The Center for Green Finance under the HKMA Infrastructure Financing Facilitation Office and the International Finance Corporation, a member of the World Bank Group, co-organized a two-day seminar (October 10–11) on "Greening Financial Institutions." The seminar highlighted how financial institutions are increasingly factoring in climate-related risks in various aspects such as their governance, lending policies, risk management frameworks, investment portfolios, business models, and disclosure.
The seminar discussed various principles and tools for corporates to transition their business and financing strategies, as they consider how their lenders and investors view their commitments on Environment, Social, and Governance (ESG) factors. The event brought together over 300 senior executives, comprising bankers, corporate treasurers, project developers and operators, and professional service providers.
On this occasion, Mr. Arthur Yuen, the Deputy Chief Executive of HKMA, said: "Since our announcement of the three-phased approach in May to promote green and sustainable banking, we are moving forward with the banking industry on developing a common framework consisting of guiding principles and possible metrics for assessing the “greenness” of individual banks. Our participation in the Central Banks and Supervisors Network for Greening the Financial System (NGFS) also allows us to consider the latest international insights in the development of our local framework. This Seminar provided the industry with a useful opportunity to enhance their capacity and preparedness on green and sustainable banking."
Keywords: Asia Pacific, Hong Kong, Banking, Securities, NGFS, IFFO, Climate Change Risks, Sustainable Finance, ESG
Previous ArticleFSB and IMF Report Progress on Phase Two of G20 Data Gaps Initiative
FCA and PRA in the UK, FED in the US, and the authorities in Singapore have fined Goldman Sachs for risk management failures in connection with the 1Malaysia Development Berhad (1MDB).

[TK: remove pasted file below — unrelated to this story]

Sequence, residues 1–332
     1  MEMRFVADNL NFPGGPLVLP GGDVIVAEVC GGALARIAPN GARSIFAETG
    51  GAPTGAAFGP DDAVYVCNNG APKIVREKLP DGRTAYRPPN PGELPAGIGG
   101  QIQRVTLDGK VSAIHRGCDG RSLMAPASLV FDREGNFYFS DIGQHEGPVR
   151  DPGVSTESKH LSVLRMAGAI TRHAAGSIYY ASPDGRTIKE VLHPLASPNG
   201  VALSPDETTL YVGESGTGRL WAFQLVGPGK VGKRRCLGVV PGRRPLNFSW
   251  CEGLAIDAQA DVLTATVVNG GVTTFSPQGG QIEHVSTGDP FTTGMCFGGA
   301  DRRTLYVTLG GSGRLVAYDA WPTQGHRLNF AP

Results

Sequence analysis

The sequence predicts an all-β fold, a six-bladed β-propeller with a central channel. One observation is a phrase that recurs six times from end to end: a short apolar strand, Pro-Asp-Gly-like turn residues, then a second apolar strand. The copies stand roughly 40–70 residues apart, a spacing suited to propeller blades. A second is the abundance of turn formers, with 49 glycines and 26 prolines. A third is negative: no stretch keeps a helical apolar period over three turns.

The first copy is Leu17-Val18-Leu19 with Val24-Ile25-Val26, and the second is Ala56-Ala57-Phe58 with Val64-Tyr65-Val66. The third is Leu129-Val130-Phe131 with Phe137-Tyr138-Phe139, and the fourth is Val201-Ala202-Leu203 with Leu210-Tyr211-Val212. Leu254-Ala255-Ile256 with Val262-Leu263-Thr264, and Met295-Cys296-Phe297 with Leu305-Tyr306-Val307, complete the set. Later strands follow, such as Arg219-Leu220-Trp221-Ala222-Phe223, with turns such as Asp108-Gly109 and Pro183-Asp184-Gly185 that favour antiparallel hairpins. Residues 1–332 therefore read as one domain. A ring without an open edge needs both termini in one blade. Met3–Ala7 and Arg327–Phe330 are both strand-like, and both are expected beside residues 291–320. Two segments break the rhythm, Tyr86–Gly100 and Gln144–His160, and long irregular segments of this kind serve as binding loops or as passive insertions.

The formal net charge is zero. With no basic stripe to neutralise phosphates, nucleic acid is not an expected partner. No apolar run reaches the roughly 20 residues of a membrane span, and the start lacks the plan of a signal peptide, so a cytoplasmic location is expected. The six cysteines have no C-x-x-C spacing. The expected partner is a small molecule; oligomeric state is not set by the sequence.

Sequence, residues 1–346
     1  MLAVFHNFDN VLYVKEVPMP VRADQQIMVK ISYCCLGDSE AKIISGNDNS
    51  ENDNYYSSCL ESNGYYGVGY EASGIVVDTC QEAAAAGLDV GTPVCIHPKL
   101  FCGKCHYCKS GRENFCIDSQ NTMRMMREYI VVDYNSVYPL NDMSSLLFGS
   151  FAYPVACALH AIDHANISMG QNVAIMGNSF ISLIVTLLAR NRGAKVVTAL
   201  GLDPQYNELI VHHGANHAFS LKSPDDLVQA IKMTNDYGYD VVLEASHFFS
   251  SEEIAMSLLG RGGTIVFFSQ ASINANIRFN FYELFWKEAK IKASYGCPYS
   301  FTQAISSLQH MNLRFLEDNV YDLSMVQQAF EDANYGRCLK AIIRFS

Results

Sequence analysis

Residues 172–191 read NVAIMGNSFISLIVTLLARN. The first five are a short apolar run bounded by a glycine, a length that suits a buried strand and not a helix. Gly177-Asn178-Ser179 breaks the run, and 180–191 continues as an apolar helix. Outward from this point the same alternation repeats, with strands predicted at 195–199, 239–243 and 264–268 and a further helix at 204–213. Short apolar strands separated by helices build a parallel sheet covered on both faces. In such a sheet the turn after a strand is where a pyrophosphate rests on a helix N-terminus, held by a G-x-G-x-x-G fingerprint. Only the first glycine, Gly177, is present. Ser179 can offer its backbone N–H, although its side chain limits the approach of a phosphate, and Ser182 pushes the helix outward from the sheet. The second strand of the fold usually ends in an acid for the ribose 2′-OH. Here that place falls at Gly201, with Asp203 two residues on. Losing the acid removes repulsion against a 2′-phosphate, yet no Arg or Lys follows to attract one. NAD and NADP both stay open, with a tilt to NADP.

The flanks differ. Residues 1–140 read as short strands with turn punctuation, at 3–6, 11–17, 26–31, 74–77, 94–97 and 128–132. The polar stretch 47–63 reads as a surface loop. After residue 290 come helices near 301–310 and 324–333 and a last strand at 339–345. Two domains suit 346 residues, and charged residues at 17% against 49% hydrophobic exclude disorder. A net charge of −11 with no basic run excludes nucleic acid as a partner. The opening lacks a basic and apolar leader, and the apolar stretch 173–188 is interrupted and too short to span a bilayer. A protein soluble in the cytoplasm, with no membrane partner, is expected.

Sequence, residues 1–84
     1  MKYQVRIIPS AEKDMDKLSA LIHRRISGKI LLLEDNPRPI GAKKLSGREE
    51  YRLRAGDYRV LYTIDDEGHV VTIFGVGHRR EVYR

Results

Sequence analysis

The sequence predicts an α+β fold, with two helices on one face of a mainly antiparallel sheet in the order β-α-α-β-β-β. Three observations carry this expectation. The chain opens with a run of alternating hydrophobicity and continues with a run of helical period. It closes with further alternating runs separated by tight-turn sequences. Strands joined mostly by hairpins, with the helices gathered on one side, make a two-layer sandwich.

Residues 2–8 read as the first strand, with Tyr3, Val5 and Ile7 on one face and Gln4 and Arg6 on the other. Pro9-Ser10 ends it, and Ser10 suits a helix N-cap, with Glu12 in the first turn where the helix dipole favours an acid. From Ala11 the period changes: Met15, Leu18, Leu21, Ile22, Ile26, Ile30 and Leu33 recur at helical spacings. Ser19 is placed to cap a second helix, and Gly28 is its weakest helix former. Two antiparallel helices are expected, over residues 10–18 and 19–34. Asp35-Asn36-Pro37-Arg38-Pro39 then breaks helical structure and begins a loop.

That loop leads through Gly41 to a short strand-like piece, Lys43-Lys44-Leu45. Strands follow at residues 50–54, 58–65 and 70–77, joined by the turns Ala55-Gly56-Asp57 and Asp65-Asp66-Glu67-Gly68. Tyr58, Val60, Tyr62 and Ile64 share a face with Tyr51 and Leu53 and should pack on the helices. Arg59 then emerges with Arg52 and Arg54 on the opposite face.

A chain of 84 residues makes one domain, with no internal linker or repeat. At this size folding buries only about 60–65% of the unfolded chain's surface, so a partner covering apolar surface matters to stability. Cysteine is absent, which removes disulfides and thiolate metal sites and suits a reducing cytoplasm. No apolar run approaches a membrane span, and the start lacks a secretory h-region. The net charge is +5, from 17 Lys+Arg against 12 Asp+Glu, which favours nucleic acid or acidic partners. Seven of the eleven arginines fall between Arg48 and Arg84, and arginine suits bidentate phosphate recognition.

BCBS announced that OSFI and the Bank of Canada hosted the 21st International Conference of Banking Supervisors (ICBS) virtually on October 19-22, 2020.
FCA proposed guidance on how firms should continue to seek to help customers who hold insurance and premium finance products and may be in financial difficulty because of COVID-19, after October 31, 2020.
EBA issued an opinion on prudential treatment of the legacy instruments as the grandfathering period nears an end on December 31, 2021.
ESRB published the fifth issue of the EU Non-bank Financial Intermediation Risk Monitor 2020 (NBFI Monitor).
HM Treasury announced that the new Financial Services Bill has been introduced in the Parliament.
APRA announced that it has increased the minimum liquidity requirement of Bendigo and Adelaide Bank for failing to comply with the prudential standard on liquidity.
PRA published the consultation paper CP17/20 to propose changes to certain rules, supervisory statements, and statements of policy to implement elements of the Capital Requirements Directive (CRD5).
US Agencies adopted a final rule that applies to advanced approaches banking organizations and aims to reduce interconnectedness in the financial system as well as to reduce contagion risks associated with the failure of a global systemically important bank (G-SIB).
US Agencies (FDIC, FED, and OCC) adopted a final rule that implements the net stable funding ratio (NSFR) for certain large banking organizations.